With grocery stores struggling to replenish their empty shelves to keep up with the high demand of toilet paper, many shoppers are resorting to alternative products such as tissues or wipes. As a result, local plumbing systems have experienced a surge in backed-up sewage lines.

Despite some toilet paper substitutes being marketed as “flushable,” some of these products and other alternatives can clog local sewage systems — posing problems for cities, water districts and homeowners alike.

According to Maine’s Department of Environmental Protection, “unlike toilet paper, products such as baby wipes, tissues, and paper towels do not break down. When flushed into the public sewer system, they often clump together, causing very large obstructions in sewer lines. They get tangled in pump stations, requiring repair of equipment and causing backups and discharges of raw sewage into basements of homes and businesses, and into waters of the state.”

Scott Firmin, the director of wastewater for the Portland Water District, said the indiscriminate flushing has a cost, especially amid efforts to curb the pandemic.

“Last week, we had a plug at one of our smaller stations in a Gorham neighborhood, and that alone costs about $2,000 in staff time, vehicle time and the entire process of getting resources out there, Firmin said. “Under normal circumstances, that’s a burden and a cost. But, under the circumstances we’re facing now, our focus is essential services and keeping our workforce as safe as possible.”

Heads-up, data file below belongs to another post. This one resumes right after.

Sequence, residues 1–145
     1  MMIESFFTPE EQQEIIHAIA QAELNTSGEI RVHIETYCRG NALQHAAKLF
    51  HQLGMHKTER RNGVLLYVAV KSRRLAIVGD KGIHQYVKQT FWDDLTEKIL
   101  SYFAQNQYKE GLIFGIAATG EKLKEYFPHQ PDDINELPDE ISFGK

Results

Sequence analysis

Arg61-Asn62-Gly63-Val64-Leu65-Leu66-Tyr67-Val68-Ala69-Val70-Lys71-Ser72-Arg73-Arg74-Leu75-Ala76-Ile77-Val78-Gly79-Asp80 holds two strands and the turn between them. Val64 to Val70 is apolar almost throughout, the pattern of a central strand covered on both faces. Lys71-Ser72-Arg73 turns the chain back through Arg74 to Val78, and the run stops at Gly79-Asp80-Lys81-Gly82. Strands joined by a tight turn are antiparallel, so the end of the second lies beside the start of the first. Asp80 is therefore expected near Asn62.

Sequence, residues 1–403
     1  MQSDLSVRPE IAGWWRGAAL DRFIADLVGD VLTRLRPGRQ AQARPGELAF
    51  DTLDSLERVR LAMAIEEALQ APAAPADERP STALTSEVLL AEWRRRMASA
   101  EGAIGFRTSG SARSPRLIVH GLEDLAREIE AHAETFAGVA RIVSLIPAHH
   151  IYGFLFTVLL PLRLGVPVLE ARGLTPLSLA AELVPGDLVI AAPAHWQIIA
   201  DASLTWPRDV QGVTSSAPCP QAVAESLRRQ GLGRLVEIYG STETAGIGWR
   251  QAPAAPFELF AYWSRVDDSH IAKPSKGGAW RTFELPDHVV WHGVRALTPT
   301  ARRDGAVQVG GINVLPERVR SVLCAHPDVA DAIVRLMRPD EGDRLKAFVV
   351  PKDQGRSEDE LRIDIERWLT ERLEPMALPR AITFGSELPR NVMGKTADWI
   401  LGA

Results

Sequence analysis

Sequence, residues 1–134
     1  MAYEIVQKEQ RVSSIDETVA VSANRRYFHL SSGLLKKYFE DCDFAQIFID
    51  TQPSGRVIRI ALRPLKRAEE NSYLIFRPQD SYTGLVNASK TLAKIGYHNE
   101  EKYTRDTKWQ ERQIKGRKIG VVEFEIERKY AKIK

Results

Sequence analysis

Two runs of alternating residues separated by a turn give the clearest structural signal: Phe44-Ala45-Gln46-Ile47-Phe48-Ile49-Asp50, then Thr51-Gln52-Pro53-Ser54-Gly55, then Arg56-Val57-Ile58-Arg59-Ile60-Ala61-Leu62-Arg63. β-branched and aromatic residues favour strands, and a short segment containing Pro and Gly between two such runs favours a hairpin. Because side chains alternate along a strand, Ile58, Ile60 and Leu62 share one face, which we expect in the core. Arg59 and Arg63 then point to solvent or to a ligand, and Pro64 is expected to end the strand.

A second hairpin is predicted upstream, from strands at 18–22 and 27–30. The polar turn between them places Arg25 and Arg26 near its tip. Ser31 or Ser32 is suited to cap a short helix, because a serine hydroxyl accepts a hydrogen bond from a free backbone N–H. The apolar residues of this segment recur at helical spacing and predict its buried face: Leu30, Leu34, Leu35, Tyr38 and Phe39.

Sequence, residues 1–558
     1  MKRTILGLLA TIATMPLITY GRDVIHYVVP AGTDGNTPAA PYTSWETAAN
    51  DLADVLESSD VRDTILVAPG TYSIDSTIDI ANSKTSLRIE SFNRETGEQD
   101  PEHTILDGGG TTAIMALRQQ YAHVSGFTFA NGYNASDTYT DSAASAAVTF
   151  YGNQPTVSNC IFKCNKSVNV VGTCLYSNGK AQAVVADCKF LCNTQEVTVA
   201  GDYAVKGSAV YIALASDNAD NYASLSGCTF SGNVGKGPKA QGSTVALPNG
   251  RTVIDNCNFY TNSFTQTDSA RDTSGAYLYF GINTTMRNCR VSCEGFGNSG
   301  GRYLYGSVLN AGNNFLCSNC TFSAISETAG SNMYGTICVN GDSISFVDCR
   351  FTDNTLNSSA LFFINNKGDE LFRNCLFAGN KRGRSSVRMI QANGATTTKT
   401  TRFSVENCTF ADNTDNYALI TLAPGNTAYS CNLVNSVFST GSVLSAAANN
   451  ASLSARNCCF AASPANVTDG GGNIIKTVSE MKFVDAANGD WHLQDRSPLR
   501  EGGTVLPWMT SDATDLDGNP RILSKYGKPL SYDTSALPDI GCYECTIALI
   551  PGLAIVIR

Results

The redirection of public workers for essential services is likely to result in considerable wait times for backed-up plumbing systems.

“Of all the things we have time to be doing right now, unplugging pumps needlessly due to products other than toilet paper being flushed isn’t what we want our focus to be,” Firmin explained, “this is one thing that the public can really help us out on.”

Even napkins and facial tissues do not break down as quickly and should not be flushed.

According to Maine’s Department of Environmental Protection, the best practice is to only flush human waste and toilet paper. Any other products should be disposed of in household trash.


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